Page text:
Morrissey: Southpaw Grammar and Maladjusted (Expanded Editions)
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It has occasionally been noted that one of the main preoccupations of the artist Morrissey is the artist Morrissey; thus it isn't that surprising that his latest wheeze is a spot of historical revisionism. Last year's peculiar Greatest Hits collection carried the inference that he felt he put out two good songs in 1988, one apiece in 1990 and 1994, but had been issuing nothing but a flow of untrammelled brilliance since 2004. Now comes an even bolder step, an attempt to portray what are, let's be honest, two of his more reviled records as great misunderstood masterpieces. Southpaw Grammar, from 1995, and 1997’s Maladjusted are back from the bargain bins and available to 'sound and look the way Morrissey wanted'. Rapture.
But actually, let’s be honest: it's a worthier enterprise than some sort of half-arsed cash cow edition of Viva Hate, and these are nice reissues, hardback of sleeve, fresh of artwork and new of liner note, the latter coming courtesy of the man himself.
Said notes are a little frustrating, insofar as they confirm the fact Moz could write a heckuva memoir, but don’t really answer any questions about the reissues. However, they do point to the fact this brace of Steve Lillywhite-helmed projects were originally earmarked for different producers – Brian Eno for Southpaw... and Joe Strummer for its successor. You'd speculate that both sets could have been improved had the workmanlike Lillywhite not been involved. Still, there's a only one man you can ever really blame for sabotaging a Morrissey record: as near as one can tell from his scribblings, the reason Strummer didn't work out was because Morrissey got into a mither over his smoking.
So. Southpaw Grammar is in some ways the most daring thing the ex-Smith has ever put his name to, and in all likelihood did more harm to his career than the whole Madstock furore. At the same time it's also pretty craven, in that it dilutes the impact of its three key tracks – ‘The Teachers Are Afraid Of The Pupils’, ‘The Operation’ and ‘Southpaw’, dark, sprawling semi-instrumentals dominated by the remarkable drumming of Spencer James Cobrin – with lightweight fluff like ‘Dagenham Dave’ and ‘The Boy Racer’.
The reissue completely changes the order: originally it began with the creeping gloom of the 11-minute, Shostakovich-driven ‘The Teachers...’, stranded the merciless percussive attack of ‘The Operation’ slap bang in the middle, and wrapped up with the monstrous, thunder-coloured groove of ‘Southpaw’. Here the weak tracks get shoved to front (though ‘Reader Meet Author’ is okay), with the more interesting material and a clutch of extra songs taking up residence in the second half.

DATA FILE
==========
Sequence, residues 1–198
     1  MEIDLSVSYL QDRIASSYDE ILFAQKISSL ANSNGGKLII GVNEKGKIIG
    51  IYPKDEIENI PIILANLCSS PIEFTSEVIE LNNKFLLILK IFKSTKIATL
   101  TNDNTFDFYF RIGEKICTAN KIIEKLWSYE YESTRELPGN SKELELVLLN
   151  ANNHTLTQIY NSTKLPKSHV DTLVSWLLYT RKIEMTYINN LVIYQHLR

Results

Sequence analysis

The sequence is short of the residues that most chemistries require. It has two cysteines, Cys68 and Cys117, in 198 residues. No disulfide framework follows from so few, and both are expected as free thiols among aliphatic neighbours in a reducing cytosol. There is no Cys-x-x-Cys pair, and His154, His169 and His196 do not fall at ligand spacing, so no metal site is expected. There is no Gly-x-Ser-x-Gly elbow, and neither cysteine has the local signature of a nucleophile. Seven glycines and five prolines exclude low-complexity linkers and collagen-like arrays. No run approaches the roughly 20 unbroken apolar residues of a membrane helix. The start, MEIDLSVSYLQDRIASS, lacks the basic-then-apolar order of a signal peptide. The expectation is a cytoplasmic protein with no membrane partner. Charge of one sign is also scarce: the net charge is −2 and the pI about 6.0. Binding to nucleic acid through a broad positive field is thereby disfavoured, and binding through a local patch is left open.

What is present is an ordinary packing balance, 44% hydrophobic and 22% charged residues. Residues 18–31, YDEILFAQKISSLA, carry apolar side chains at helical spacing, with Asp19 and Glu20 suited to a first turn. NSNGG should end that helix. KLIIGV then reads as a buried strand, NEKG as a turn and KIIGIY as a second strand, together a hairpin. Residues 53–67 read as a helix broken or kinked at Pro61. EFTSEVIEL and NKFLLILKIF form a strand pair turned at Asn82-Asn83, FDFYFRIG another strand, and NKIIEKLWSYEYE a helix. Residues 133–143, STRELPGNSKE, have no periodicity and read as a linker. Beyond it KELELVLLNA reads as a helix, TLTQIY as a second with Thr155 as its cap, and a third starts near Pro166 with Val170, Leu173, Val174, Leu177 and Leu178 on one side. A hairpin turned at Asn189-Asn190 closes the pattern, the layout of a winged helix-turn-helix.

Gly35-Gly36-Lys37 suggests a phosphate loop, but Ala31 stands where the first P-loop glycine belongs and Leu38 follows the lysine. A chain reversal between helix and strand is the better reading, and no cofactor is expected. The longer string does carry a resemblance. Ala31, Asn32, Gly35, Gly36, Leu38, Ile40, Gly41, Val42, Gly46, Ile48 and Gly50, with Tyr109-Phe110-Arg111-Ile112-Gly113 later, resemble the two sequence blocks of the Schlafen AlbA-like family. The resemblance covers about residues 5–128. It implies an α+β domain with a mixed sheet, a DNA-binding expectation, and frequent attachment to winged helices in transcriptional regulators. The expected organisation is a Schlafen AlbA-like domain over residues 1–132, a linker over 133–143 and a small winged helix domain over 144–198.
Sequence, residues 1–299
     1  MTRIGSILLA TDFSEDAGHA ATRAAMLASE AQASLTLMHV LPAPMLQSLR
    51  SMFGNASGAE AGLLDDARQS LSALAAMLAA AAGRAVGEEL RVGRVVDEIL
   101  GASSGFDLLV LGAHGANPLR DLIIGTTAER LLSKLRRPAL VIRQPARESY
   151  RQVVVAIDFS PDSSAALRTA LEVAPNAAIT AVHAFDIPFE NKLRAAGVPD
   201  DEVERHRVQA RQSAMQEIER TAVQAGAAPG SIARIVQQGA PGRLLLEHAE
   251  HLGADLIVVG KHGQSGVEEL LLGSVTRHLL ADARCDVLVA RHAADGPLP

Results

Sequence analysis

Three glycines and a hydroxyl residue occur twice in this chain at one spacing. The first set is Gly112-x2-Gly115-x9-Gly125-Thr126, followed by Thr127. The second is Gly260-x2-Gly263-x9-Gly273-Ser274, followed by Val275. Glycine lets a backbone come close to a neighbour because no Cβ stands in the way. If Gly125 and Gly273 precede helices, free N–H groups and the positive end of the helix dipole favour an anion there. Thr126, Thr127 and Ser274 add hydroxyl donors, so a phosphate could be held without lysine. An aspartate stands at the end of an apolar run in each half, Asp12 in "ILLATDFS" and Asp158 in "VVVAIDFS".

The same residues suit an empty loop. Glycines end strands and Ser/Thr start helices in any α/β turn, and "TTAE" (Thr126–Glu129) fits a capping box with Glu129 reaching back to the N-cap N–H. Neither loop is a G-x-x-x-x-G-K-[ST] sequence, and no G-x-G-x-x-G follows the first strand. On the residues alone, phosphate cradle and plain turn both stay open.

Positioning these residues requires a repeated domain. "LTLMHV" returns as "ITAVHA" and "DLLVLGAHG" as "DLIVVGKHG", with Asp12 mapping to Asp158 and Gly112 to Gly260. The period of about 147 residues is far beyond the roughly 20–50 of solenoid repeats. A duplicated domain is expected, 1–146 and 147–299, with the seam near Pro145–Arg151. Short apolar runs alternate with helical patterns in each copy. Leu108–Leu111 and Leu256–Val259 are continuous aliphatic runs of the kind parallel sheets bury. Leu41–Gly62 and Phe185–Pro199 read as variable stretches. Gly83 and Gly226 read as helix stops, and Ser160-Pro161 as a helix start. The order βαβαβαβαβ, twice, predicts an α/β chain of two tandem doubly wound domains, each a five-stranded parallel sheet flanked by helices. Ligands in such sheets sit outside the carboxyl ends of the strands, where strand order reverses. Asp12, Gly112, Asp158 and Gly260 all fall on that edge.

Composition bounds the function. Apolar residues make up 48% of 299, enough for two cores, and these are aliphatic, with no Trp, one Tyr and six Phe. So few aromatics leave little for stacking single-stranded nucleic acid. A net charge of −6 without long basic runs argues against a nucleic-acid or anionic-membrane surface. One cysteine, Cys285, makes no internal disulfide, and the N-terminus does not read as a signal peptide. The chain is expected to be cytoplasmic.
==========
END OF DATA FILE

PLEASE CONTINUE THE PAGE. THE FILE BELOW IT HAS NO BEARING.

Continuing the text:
In so doing it pretty much confirms that the album is 50 per cent bobbins, but at the same time you do end up with a pretty forceful second act. Alain Whyte and Boz Boorer have come in for stick over the years for providing their master with generic chug, but they and Cobrin excel here, the apocalyptic denouements of ‘Southpaw’ and ‘The Teachers...’ as potent as anything Marr ever gifted him. The wounded, stormy shimmer of ‘You Should Have Been Nice To Me’ makes for a fine new closer; shame then that for some reason the so-so ‘Nobody Loves Us’ comes after it. Southpaw Grammar will never be the masterpiece it could have been, but it nonetheless contains some fine work, and for all the filler, this edition comes recommended. (7/10)
Statistically there is likely to be somebody reading this who will be dismayed at the fact that former single ‘Roy’s Keen’ has been omitted from the reworked Maladjusted. And if I ever meet that person I will beat them until both of us are crying.
How near-identical personnel to Southpaw... created this wretched artifact is hard to fathom... maybe put it down to the pandemic of awfulness in UK music at the time, Britpop’s very own swine flu. Arguably the attraction here is the belated inclusion of once controversial track ‘Sorrow Will Come In The End’, in which Morrissey recites an actual death threat to former Smiths drummer Mike Joyce over what sounds like a DFS advert. To be honest it’s one of the more entertaining endeavors on a revamp that actually makes Maladjusted even harder to bear, despite dispatching with the aforementioned ‘Roy’s Keane’. It's sort of like escaping a mugger only to step on a landmine. And then getting mugged.
Chief culprit is the astonishingly bad ‘This Is Not Your Country’, a one-time B-side which is roughly as useful a comment on The Troubles as Band Aid II was on world hunger. And it goes on for seven and a half bloody minutes. The whole record is appalling, turgid, over-orchestrated and self-absorbed in an entirely tedious way (Southpaw..., by contrast, must have the lowest occurrence of the first person singular on any Moz record). Now bloated to 15 tracks (the original only contained ten), and with a further original (‘Papa Jack’) excised, Morissey has almost totally reworked this record, yet actually made it worse. Hence the most impressive thing about Maladjusted is that it isn’t just the worst album of Morrissey’s career; it's the two worst albums. (3/10)
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